Monday, 30 September 2013



A great name for a typewriter? I think not. It does not quite fly off the tongue, does it? as in, "I will just go and get myself a Kmart to-day".
Still, the underlying understanding is as I see it, that if you order sufficient numbers, Brother/Nakajima will put any name you like on them, as the saying goes, "you pays your money and you gets your pick".
What started all these ruminations was when I reached up to one of my many shelves of typewriters, thinking that I will do an easy job today, I took down this pale blue case knowing what sort of typewriter was inside. 
What a little pearler I picked, a battered case concealing a battered machine and I knew that, just by looking at it, I was in for a fight.

So off came the covers, stripped screws, odd screws, the lot. A  dirtier machine you would find hard to imagine. Oh well, onwards and upwards as they say,and out came the platen, but first I removed the plexiglass line scales as it makes it easier to remove the platen and I do not have any spares if I crack or break them. Now there is a little trick when it comes to removing the Left hand platen Knob, and if you were thinking  "Righty tighty, lefty loosey", you have just made your first mistake. It is a reverse thread arrangement, an idea borrowed from the Empire/Hermes portables. So, turn hard to the right and it starts to loosen, unscrew the line-spacing pawl and the platen will lift out and do not forget the line spacing ratchet, as it sits on the innermost part of the platen knob. The Paper Pan stays in but the feed rollers lift out for cleaning. You are now ready to start cleaning the machine. Give it a good blow-out with the air compressor to get rid of as much dust as you can. Now I know that there is a following for the "dish washing liquid plus water" school of typewriter cleaners but it seems counter intuitive to me after all water plus metal equals rust, no?  I understand that if you really dry your machine after this you should have nothing to worry about. My way, using in this instance, Kerosine followed by a cocktail of white spirit and a little oil, achieves the same end with out the worry of rust. But, hey, what do I know after fifty odds years of workshop practice? I use two small paint brushes, one cut short so that it is really bristly and I work the Kerosine in to the machine paying attention to the typefaces and the typebar segments. When you are fairly happy with your efforts a quick burst with the white spirit and oil mixture will give nice finish to the job. A quick burst with the compressed air will help to get rid of any excess fluid and you are ready to move on to the next stage.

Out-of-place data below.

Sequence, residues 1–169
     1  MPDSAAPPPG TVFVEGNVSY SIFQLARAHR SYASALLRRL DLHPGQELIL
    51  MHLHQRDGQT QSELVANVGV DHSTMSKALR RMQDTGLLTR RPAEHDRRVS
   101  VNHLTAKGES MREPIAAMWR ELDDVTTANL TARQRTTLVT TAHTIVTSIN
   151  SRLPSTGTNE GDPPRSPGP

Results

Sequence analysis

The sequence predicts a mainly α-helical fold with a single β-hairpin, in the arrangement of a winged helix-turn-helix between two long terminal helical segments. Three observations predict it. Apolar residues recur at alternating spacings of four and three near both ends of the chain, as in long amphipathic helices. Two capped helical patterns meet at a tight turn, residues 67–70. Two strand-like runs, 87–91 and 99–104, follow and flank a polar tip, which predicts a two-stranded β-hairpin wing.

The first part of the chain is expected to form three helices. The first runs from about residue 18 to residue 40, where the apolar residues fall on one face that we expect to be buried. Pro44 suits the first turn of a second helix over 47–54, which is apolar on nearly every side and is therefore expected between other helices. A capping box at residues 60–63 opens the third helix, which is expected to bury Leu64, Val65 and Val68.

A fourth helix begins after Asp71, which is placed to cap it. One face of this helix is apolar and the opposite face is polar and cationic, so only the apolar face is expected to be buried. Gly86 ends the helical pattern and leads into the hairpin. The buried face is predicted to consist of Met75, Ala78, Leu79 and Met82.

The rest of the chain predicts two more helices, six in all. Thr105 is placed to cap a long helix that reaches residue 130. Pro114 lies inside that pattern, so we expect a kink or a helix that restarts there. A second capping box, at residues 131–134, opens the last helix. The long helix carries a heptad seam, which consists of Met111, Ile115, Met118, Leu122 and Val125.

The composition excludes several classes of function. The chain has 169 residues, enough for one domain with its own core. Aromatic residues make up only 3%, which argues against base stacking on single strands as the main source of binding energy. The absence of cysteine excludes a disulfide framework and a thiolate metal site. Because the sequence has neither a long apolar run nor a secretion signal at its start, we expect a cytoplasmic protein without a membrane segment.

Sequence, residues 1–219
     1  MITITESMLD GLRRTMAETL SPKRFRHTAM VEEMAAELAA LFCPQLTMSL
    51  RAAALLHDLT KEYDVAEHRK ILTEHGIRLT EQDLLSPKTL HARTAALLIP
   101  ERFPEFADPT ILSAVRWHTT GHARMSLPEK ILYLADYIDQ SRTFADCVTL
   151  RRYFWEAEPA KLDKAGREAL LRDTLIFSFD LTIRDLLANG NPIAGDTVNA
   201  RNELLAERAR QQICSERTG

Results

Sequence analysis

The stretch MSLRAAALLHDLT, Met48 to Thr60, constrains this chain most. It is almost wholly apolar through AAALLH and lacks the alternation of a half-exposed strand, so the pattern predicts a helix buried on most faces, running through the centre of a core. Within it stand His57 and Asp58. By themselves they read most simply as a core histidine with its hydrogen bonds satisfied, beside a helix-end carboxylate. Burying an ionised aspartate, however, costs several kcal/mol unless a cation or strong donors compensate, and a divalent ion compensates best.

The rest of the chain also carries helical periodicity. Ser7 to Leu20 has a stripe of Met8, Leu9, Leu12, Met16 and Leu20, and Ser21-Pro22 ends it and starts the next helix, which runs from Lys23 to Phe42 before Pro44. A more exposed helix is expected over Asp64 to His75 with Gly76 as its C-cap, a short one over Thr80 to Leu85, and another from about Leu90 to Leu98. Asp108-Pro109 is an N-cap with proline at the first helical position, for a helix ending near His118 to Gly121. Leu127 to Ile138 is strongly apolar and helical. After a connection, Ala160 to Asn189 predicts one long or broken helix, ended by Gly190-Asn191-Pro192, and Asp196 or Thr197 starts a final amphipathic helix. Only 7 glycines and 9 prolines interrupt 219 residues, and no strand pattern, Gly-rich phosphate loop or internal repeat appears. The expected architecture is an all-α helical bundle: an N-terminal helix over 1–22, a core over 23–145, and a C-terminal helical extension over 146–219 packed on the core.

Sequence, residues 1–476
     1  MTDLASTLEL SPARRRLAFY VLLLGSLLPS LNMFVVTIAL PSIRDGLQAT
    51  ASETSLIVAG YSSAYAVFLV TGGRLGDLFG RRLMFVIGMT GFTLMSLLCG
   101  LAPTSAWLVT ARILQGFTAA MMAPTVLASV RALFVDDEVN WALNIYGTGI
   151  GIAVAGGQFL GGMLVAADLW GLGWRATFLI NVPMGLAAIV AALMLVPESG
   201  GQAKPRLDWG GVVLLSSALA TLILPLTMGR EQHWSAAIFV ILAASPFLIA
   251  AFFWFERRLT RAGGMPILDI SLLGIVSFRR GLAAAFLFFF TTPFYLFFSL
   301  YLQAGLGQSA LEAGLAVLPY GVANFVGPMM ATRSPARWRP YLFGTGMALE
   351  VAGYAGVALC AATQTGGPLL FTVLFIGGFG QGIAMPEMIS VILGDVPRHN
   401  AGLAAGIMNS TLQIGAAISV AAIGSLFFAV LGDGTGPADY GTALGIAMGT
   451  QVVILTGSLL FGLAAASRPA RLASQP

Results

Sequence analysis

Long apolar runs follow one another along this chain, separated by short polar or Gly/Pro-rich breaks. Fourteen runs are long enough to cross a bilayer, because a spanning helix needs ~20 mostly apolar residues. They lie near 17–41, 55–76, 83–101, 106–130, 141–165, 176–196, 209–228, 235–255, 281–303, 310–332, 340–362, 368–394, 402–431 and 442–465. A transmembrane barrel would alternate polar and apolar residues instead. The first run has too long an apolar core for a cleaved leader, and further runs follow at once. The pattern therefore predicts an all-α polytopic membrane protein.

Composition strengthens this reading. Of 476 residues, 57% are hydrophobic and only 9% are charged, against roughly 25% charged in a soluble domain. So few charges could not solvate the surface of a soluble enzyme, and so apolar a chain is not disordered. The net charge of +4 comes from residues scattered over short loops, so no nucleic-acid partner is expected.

Now turn your attention to the platen and feed rollers. I use a very fine emery paper and metholated spirits.  Tear a strip about two inches wide and wrap it around the platen, holding the platen in your left hand, pour on some metho and start turning with your right.Gradually working your way down to the bottom of the platen, repeat if necessary. This is very dirty work and your hands will be black and your wrists and thumbs will ache but you have to suffer for your typewriter and they say suffering is good for your soul.